Emily Gibson has loved the U.S. Postal Service since she was a child.
“Still, one of the best parts of my day is getting the mail,” said Gibson, 53, a Bend elementary school teacher. “It’s like magic; it just shows up.”
On Tuesday, passing drivers honked at Gibson in support, many waving or offering a thumbs-up as they passed. Gibson was standing outside the post office on Fourth Street in Bend with three other people, all holding signs.
Their message? “We support postal workers,” as one sign said.
Tuesday’s minirally was part of national concerns about the U.S. Postal Service as people across the country prepare to vote by mail in the Nov. 3 general election to avoid transmission of COVID-19 — though some local officials aren’t so worried.
It comes as federal officials talk of making changes to postal operations that some say could slow down mail delivery, and as misinformation is being spread about mail-in voter fraud.
The postal service gained national attention this month after Postmaster General Louis DeJoy announced sweeping changes to the mail service’s leadership that some say will slow mail delivery, and President Donald Trump said that the “biggest risk” to his reelection is easier access to mail-in voting.
“It puts our election in jeopardy,” Gibson, an educator and union member, said. “I’m just so worried that the election will be called into question.”
Gibson and the others outside the post office Tuesday have a solution: congressional action to prevent the postal service from changing its operations leading up to or during the election. A bill with that effect, called the Delivering America Act, passed in the U.S. House on Saturday, but it has yet to receive Senate consideration.
In addition to preventing the postal service from making any operational changes until the COVID-19 pandemic is over and requiring same-day processing for election mail, the bill would allocate an additional $25 billion to the service and its inspector general.
Senate Majority Leader Mitch McConnell told the Louisville Courier-Journal that the senate likely won’t pass a bill that only addresses the postal service, saying instead that the bill could give Republicans leverage in stalled negotiations over a coronavirus relief package.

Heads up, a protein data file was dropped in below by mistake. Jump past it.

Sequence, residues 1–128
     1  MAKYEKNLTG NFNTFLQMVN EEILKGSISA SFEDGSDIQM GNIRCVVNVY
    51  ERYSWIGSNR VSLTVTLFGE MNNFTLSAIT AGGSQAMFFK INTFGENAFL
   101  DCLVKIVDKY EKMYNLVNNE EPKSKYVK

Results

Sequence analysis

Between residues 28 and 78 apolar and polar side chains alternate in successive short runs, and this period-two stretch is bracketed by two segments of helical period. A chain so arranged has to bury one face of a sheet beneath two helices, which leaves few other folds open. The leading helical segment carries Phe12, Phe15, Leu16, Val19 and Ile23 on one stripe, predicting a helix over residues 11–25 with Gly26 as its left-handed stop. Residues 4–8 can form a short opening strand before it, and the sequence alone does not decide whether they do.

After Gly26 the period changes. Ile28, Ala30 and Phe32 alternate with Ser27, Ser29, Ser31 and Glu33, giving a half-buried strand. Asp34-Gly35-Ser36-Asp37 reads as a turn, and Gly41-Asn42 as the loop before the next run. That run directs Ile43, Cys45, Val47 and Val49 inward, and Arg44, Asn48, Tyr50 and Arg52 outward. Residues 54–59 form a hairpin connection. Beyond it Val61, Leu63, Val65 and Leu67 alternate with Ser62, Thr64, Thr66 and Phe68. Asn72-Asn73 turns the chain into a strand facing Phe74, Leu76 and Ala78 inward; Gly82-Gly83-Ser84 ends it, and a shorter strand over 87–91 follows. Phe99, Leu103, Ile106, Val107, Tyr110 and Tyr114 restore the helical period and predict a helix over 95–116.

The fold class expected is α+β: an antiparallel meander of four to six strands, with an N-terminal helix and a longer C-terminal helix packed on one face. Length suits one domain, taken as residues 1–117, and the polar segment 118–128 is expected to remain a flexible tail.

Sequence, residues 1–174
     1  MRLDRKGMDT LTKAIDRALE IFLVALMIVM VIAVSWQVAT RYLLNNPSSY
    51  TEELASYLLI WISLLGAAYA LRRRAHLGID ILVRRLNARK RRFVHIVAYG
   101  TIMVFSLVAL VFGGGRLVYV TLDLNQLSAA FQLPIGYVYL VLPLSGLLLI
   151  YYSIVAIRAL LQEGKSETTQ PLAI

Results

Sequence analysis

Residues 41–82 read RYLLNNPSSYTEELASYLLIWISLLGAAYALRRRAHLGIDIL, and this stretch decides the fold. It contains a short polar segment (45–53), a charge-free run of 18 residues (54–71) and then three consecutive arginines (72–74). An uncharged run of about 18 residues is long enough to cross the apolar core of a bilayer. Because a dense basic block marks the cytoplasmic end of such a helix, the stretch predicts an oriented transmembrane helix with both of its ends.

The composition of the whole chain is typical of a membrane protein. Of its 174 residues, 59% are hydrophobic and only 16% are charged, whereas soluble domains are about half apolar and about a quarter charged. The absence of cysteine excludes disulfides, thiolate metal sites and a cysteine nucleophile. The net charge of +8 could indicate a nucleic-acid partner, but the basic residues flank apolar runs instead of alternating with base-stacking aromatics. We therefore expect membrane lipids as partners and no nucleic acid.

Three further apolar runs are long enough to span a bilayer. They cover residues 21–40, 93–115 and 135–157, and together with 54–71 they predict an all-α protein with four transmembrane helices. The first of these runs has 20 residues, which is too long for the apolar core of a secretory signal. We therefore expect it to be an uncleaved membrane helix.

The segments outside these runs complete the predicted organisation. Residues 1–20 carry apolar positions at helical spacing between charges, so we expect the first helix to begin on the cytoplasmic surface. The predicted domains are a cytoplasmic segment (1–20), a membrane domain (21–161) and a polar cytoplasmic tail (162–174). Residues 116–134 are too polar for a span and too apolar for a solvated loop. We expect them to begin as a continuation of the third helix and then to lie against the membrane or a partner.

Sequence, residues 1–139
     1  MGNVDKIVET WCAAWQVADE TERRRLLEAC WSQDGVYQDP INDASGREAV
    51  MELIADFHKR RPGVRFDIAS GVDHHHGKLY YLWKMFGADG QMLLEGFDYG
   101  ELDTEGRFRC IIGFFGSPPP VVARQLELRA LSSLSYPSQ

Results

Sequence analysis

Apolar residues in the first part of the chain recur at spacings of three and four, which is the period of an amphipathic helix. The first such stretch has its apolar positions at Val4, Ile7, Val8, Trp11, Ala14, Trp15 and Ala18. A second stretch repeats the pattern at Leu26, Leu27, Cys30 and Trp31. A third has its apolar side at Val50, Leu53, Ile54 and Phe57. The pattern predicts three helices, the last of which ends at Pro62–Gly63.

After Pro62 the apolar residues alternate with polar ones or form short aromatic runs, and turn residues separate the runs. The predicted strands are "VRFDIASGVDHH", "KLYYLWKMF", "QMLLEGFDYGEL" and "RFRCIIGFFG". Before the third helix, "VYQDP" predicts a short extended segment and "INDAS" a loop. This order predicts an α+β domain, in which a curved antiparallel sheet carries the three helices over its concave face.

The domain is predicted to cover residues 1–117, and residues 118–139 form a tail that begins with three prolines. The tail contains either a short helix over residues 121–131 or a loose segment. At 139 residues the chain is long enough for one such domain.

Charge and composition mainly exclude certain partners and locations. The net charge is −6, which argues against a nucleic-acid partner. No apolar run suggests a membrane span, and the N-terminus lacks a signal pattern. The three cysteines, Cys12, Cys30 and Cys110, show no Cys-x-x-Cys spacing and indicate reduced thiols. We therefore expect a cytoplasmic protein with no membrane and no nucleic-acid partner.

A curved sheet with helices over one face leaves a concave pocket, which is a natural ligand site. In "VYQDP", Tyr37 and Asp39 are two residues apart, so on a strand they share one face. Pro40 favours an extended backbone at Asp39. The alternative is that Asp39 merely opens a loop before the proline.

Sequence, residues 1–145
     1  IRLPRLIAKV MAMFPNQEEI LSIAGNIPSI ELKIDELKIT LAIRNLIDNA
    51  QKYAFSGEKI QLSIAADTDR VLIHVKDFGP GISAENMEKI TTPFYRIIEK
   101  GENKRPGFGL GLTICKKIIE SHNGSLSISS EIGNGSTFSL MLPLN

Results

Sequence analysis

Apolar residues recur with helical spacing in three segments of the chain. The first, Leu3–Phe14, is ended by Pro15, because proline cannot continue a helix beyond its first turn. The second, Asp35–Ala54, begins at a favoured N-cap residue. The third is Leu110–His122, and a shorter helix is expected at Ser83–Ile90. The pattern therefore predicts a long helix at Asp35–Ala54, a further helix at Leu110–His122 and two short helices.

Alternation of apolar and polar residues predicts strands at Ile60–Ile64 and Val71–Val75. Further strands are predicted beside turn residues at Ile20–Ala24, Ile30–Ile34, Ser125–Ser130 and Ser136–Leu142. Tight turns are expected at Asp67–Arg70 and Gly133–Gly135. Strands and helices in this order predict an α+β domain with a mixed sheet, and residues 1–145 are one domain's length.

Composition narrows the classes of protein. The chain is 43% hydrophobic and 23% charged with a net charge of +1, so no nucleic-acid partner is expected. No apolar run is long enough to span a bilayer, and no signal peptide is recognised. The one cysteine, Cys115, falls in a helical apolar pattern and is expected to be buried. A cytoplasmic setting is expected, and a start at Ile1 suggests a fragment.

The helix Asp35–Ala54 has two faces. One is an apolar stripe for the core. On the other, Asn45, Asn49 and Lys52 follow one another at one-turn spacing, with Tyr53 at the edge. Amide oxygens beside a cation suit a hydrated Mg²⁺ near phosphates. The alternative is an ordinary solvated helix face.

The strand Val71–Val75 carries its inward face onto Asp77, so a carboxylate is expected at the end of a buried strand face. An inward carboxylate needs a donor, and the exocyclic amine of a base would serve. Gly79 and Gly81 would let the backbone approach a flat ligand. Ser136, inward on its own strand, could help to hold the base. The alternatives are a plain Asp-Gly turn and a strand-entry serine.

Republican Rep. Greg Walden, who represents Central, Eastern and Southern Oregon in the House, didn’t vote on the measure. Molly Jenkins, Walden’s spokesperson, said he had a longstanding commitment that prevented him from attending the vote on short notice. She didn’t know if he supported the bill or the general concept, saying she hadn’t talked to him about it.
But Central Oregon’s county clerks — who are in charge of election operations in their counties — aren’t worried that the debate around the postal service will cause issues for the upcoming election.
“The U.S. Postal Service in Oregon has been doing this successfully for over 20 years,” said Deschutes County Clerk Nancy Blankenship. “The post office has had systems in place to move that kind of volume for many, many years.”
What’s more, the postmaster general announced Aug. 18 that he was halting some controversial cost-saving measures until after the election.
Instead, Blankenship said, the key is for voters to be informed and take responsibility for participating in the election. That means making sure their voter registration and signature — which is compared to the one on their ballot when they mail it in — are up to date.
It also means voting on time. Blankenship, as well as elections officials in Crook and Jefferson counties, recommend getting completed ballots in the mailbox by Oct. 27, in line with postal service recommendations.
If voters don’t complete their ballots until after that date, they should use an official drop box instead to ensure their ballots get counted, Blankenship said. Any official box in the state will ensure the ballots get to the right county.
Until then, Gibson hopes Congress will act to protect voting by mail in Oregon and across the country — not to mention the growing number of essential items, medications and documents that come through the mail.
“It’s critical,” she said, sign in hand. “People are driving by, yelling ‘Trump 2020!’ (In order to) vote for him, (they) need the postal service.”
A Postal Service spokesperson did not return a phone call from The Bulletin on Tuesday.
Ernie Swanson, a Postal Service spokesperson, said Wednesday that no changes are planned for postal operations in Oregon at least through the November election, in line with the postmaster general's announcement. Swanson added that Central Oregon didn't see the removal of excess post boxes that occured in Eugene and Portland.
"We're committed to providing the same level of service that we have been," Swanson said.